Privacy in a Free Country: In Search of Reasonable Principles

Policy Reports | Privacy

No. 243
Monday, April 30, 2001
by Solveig Singleton

Information Sharing and Health Care

"Medical ethics for centuries have respected patients' need for confidentiality."

Medical privacy is unlike consumer privacy or employer/employee privacy because of the special relationship between doctor and patient. It is not an arms-length contract, but more like a fiduciary relationship.59 Medical ethics for centuries have respected patients' need for confidentiality.60 During the 19th century, state statutes created a doctor/patient privilege requiring a patient's consent before the doctor could reveal medical information in a court of law.61 Because of this history, patients have some reason to expect that what they tell their doctors will be kept confidential - the normal rule of freedom of information does not apply. On this basis, courts may find that the agreement between doctor and patient implicitly contains an obligation to keep information confidential even when the doctor has not expressly agreed to do so.62

However, since the Middle Ages authorities have sought the disclosure of certain contagious illnesses to preserve public health.63 The tension between the public need to separate the sick from the well and private desire to avoid the stigma of illness is obvious.64

The Changing Business of Medicine

The last several decades have seen major changes in the practice of medicine. Customary concepts of confidentiality are under siege from several directions.

The Creation of a Federal National Medical Database. One natural and probably inevitable change has been computerization. Increasingly, medical records are stored electronically. This often means that people other than doctors and insurers can obtain access to records for purposes beyond treatment and payment.65 Electronic databases and medical sites on the Internet raise new security issues, and the press has brought public attention to several leaks from government and private companies.66 The latest major development in this area was in 1996, when the Health Insurance Portability and Accountability Act of 1996 (HIPAA) called for the creation of a controversial national medical database, in which each patient would have a unique medical identifier like a Social Security number.67 To ease concerns about security and privacy, the legislation stipulated that the Department of Health and Human Services protect this health information. Out of this change come the new HIPAA rules for medical privacy, discussed in detail below.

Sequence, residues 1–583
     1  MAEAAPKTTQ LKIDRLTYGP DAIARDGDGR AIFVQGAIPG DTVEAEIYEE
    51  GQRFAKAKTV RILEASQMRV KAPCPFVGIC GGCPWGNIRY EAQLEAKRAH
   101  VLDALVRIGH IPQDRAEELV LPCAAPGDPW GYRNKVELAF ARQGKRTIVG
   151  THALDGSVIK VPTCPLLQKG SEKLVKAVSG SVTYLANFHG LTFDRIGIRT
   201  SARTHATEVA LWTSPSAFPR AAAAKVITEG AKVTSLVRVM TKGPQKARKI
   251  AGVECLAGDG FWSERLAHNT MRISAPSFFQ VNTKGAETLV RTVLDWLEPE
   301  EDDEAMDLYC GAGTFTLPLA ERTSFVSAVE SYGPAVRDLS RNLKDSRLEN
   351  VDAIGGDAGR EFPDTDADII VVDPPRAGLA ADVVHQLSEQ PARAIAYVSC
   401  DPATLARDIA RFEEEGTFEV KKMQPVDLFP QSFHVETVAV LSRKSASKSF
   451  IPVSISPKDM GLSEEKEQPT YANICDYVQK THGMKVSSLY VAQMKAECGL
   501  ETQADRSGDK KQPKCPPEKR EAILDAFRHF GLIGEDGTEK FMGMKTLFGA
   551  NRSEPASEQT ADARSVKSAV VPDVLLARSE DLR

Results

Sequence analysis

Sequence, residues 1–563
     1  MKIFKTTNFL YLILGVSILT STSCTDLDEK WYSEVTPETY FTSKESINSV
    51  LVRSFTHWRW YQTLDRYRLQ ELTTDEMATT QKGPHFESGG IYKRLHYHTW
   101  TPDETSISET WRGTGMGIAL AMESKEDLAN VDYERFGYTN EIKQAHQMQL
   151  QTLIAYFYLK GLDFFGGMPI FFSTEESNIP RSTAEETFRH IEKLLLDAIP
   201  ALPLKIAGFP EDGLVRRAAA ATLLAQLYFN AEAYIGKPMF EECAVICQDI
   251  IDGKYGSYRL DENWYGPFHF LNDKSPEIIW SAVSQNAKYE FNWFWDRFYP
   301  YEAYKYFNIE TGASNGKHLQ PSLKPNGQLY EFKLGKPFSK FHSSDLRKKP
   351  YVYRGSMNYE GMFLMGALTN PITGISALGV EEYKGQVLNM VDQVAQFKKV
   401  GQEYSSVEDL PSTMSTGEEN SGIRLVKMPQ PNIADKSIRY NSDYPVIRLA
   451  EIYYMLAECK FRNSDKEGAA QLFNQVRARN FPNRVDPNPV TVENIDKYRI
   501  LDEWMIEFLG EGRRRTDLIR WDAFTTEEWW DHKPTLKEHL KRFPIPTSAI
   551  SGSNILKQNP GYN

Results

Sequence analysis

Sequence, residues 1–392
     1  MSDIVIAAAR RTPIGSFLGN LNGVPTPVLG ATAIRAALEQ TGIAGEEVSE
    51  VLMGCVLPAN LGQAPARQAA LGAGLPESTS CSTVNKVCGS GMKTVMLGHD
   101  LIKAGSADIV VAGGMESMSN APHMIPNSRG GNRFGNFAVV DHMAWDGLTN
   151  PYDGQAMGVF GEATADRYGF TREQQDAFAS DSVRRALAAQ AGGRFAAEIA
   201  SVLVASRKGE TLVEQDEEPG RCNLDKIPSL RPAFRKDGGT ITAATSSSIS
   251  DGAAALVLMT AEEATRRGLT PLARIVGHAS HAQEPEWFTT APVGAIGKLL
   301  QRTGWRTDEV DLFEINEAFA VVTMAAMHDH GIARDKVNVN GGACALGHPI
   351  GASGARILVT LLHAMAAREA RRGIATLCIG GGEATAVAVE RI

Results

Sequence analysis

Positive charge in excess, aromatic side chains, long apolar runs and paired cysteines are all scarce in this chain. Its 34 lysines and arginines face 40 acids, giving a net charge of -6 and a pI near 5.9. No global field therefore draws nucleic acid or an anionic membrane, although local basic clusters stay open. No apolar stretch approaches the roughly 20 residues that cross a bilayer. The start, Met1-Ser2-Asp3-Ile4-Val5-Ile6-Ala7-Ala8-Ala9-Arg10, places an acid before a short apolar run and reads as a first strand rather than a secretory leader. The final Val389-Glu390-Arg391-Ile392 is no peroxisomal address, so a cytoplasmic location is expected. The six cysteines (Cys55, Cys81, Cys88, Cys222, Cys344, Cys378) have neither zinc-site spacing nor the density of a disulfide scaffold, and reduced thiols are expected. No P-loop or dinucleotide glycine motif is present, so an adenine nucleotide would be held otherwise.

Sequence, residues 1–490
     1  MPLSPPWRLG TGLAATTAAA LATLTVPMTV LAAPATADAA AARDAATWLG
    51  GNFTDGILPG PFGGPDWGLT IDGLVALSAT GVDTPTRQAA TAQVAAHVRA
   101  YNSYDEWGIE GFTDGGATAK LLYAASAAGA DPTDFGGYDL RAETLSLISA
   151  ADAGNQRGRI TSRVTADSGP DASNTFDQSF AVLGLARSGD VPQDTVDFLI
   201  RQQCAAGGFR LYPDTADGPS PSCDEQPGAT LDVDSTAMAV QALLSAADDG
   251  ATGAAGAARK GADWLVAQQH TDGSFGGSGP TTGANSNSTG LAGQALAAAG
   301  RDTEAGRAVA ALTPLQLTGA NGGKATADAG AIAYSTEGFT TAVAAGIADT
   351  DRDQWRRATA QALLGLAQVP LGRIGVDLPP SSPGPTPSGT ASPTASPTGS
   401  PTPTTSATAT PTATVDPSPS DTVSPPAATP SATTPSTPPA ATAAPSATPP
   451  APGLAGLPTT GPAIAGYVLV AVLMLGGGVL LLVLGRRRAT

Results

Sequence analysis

The Use of Health Information in Marketing. Another controversial practice is the use of health care information in marketing. In 1998, the Washington Post incorrectly reported that CVS and Giant Food had sold their drug customers' names to drug companies. The Post corrected the error the next day; but the public outcry caused CVS and Giant to drop out of the patient treatment compliance program in which they were participating.68 In response, the National Association of Boards of Pharmacy put together "Guidelines for the Confidentiality of Patient Health Care Information as It Relates to Patient Compliance and Patient Intervention Programs."69

"The third-party-payer system has tended to erode the traditional promise of confidentiality between doctor and patient."

The Impact of Third-Party Payments on Confidentiality. Another factor has been the longer trend in America to a third-party-payer system of health care financing. Today, most patients obtain health care from a private insurance plan paid for by their employer, or from Medicare or Medicaid. Because someone else is paying, patients have little or no reason to monitor the costs of their treatments.70 As a result, costs and fraud have risen drastically in the health care area. To protect themselves, third-party auditors seek access to medical records showing details of treatment and symptoms. And because third parties, not patients, are the source of doctors' incomes, health care institutions have become more attuned to the demands of the auditors than to the demands of patients for privacy. This change is inevitable without significant reforms to restore free markets to medicine.71 Until then, auditors will delve deeper and deeper into medical records to cut costs and control fraud. The third-party-payer system has tended to erode the traditional promise of confidentiality between doctor and patient.